Today’s online consumers are on to us. They are more privy to behavioral targeting and tracking and have higher privacy expectations because of it. Don’t panic; companies who are transparent with their audience stand to build more trust, higher engagement and more sales.
In fact, TRUSTe’s 2013 U.S. Consumer Confidence Index found that 89 percent of U.S. adults will avoid companies that do not protect their privacy, up from 88 percent in 2012.
Companies can take decisive action to increase consumer confidence online.
“At a high level, if website owners thought privacy concerns were going to go away, they should know they’re not going to,” said Dave Deasy, VP of Marketing at TRUSTe. “They should take an inventory of how they collect data and how they use the data.
“At a lower level, most websites are moving mobile, either with a mobile version of their site or apps, and we have pretty specific data that indicates if you are going to move mobile, this is the perfect opportunity to put in good privacy practices.”
The report’s data specifies 72 percent of smartphone users are more concerned about their privacy on smartphones than they were one year ago.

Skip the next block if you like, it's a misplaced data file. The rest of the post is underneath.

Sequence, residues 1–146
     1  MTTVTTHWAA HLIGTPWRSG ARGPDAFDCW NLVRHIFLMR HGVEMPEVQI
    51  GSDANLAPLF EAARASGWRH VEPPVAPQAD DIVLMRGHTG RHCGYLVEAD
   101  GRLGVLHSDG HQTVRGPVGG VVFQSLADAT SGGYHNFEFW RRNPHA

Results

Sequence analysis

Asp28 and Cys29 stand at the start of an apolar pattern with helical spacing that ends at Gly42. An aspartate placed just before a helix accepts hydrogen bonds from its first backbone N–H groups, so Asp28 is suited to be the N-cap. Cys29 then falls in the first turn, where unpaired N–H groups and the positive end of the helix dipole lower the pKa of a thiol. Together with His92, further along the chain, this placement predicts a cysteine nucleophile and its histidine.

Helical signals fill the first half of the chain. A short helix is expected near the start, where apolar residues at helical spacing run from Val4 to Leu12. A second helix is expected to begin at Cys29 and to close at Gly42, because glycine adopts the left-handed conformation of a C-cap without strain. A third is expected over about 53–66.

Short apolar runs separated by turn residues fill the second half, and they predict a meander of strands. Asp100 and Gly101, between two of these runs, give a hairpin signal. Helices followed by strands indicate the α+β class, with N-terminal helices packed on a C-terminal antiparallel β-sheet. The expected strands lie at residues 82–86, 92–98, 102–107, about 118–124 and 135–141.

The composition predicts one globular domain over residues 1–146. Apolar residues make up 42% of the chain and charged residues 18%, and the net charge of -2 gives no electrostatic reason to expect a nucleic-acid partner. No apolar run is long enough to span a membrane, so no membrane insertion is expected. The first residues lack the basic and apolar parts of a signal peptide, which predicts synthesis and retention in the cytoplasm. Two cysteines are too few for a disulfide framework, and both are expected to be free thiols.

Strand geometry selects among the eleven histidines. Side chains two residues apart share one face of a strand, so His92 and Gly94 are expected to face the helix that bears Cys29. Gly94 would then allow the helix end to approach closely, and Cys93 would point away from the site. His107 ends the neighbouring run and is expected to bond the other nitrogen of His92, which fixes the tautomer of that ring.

“This is a bit alarming, particularly because we work with a lot of companies taking proactive steps to address mobile privacy,” said Deasy. “When we see the percentage of people being concerned, this is a strong indicator to us that people are becoming more and more aware of the tracking being used by companies, and there is still work to be done.”
Additionally, the roles of the people doing this privacy work are changing.
“One of the big shifts that we are seeing is that privacy was once something that only the lawyers would handle,” said Deasy. “That is still important, but website operators are also understanding that putting good privacy practices in play are good for their businesses. Consumers who trust websites are more likely to share information, which will drive purchases and more clicks, so more and more marketers inside businesses are worrying about privacy, [not just the lawyers].”